It is not likely that the flamboyant central minister, Nitin Gadkari has raised a Valkyrie-like flag of rebellion for the 2019 general election. Those who are disciplined in the strict RashtriyaSwayamsevakSangh (RSS) shakhas never break line. They know the price they have to pay for such treacherous deviation. Either one becomes persona non grata, even with stature, like LK Advani, or goes into oblivion like Keshubhai Patel, the former chief minister of Gujarat, whom Narendra Modi succeeded in 2001.
But it is also a fact that Gadkari is questioning the wisdom of the party leadership repeatedly. Every time, of course, he promptly comes out with the clarification that he was quoted out of context. However, his statement that if the leadership takes credit for the victory in elections, it must also share the blame for the defeat did create ripples. He said this in the context of defeat in three assembly elections—Rajasthan, Madhya Pradesh and Chhattisgarh. He was clearly aiming at the president of the his party —Amit Shah, the self styled Machiavelli or if you prefer the swadeshi cunning, Chanakya.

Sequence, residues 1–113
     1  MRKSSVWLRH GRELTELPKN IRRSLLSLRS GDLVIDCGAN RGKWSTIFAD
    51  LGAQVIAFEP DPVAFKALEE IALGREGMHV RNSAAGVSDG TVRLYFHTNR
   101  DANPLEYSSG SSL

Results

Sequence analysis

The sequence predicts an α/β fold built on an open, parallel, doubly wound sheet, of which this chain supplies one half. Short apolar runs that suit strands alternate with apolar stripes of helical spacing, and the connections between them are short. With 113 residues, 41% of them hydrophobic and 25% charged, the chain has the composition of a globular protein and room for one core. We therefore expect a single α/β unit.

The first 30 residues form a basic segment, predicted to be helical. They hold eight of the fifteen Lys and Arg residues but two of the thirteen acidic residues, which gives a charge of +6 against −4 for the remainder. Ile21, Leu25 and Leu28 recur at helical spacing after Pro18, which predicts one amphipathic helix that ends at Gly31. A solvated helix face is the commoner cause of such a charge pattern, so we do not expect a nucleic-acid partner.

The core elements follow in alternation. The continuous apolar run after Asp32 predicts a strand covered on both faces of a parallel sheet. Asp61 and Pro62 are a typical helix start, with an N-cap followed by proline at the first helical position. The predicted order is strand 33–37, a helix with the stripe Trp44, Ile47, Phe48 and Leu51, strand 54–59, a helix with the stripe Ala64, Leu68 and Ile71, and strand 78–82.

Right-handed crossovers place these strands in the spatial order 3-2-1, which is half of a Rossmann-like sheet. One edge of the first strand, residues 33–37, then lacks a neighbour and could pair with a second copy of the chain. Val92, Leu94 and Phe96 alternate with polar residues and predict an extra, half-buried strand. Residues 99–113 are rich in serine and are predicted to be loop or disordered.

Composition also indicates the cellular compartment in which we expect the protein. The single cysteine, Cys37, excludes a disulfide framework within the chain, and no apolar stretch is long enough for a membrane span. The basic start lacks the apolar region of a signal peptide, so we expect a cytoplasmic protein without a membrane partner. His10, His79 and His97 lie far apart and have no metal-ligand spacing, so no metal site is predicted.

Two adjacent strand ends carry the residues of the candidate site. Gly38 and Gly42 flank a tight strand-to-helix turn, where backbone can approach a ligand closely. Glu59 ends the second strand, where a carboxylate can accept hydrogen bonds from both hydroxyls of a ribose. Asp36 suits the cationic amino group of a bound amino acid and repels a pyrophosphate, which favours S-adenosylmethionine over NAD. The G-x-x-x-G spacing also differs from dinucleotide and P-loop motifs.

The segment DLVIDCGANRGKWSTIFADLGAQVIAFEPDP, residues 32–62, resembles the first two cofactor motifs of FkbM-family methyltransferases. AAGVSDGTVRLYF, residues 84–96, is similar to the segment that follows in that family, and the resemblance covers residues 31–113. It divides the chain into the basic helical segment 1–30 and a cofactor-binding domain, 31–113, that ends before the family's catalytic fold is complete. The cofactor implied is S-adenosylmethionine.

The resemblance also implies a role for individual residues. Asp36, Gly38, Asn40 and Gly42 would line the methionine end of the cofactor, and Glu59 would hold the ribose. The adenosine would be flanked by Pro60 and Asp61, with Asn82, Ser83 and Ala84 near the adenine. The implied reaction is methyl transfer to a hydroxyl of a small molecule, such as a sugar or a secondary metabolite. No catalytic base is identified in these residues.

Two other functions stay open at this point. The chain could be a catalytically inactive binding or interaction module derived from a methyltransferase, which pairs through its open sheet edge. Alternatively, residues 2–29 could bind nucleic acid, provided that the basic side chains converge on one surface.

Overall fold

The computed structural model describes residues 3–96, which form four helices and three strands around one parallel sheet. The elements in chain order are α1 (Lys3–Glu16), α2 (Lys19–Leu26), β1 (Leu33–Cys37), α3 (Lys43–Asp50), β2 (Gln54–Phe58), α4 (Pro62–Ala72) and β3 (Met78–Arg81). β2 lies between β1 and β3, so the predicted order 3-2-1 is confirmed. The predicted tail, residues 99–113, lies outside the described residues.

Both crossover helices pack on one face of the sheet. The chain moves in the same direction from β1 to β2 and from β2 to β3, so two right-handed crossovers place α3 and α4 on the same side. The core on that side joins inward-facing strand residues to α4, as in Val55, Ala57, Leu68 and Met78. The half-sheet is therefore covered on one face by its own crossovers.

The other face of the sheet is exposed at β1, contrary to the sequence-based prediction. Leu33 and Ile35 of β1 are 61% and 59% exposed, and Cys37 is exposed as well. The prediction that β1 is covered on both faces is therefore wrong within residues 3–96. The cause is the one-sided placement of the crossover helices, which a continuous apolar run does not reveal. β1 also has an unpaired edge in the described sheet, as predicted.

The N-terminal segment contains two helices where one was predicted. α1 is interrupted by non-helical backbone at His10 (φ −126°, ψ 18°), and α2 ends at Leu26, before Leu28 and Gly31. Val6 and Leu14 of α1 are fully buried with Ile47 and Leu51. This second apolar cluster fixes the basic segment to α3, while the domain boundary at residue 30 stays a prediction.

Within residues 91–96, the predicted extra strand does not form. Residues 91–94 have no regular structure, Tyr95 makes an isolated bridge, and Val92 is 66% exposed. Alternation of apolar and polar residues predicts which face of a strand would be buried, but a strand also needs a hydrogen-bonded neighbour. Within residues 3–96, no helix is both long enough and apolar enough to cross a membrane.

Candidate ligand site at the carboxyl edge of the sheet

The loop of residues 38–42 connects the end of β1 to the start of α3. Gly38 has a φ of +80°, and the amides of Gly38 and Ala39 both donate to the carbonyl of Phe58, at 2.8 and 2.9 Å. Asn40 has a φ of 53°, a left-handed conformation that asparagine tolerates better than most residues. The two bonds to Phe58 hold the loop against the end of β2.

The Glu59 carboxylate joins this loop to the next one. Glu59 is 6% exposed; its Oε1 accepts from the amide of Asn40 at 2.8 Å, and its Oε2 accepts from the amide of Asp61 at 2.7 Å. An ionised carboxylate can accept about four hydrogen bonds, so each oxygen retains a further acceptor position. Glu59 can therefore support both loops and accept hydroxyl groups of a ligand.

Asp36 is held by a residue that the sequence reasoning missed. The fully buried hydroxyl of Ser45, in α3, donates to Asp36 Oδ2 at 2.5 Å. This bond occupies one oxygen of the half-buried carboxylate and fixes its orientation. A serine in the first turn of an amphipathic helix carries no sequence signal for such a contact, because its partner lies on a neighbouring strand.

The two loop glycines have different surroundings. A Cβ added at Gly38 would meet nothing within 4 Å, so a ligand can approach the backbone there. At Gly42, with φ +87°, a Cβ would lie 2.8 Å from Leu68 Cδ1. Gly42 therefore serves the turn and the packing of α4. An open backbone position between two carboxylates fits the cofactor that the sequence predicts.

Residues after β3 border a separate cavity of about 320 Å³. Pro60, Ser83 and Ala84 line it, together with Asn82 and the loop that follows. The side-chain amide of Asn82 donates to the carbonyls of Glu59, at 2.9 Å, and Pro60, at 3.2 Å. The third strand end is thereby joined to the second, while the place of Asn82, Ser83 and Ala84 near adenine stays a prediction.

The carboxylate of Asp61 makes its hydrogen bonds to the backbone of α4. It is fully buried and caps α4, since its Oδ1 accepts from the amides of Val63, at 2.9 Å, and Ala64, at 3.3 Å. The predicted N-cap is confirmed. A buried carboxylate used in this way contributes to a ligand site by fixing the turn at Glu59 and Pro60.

Suddenly, Gadkari has arrived in the saffron firmament as a challenger. Within the media there is already grapevine talk of Gadkari as the alternative candidate for the prime-ministership in case the BJP wins fewer than 200 seats in the Lok Sabha.
Since all such numbers are in the realm of speculation, the central hall of the Parliament, the ‘Gangotri’ of all rumours, has begun building scenarios for May 2019.
The journalists and ex-MPs in this august hall of fame and shame argue with so much conviction that one feels the results of the elections are already out! The sitting members of Parliament maintain a quiet demeanour in the hall and listen to these argumentative Indians with a mixture of fear and resignation. They are not even sure whether they would get the party ticket to contest! But surely, BJP MPs and leaders have begun to question Modi—the messiah—too, or, again, if you prefer swadeshi, Lord Sri Krishna!
After all, a Modi bhakt has called him Sri Krishna, who, in this incarnation as Modi, has taken India to great Hindu heights.
Even while the gossipers discuss about the possible successor to the PM’s post from the BJP, there are detractors who puncture the assertive discourse. The presumption in this is the BJP will be the single largest party. Then the President will be obliged to invite it to form government.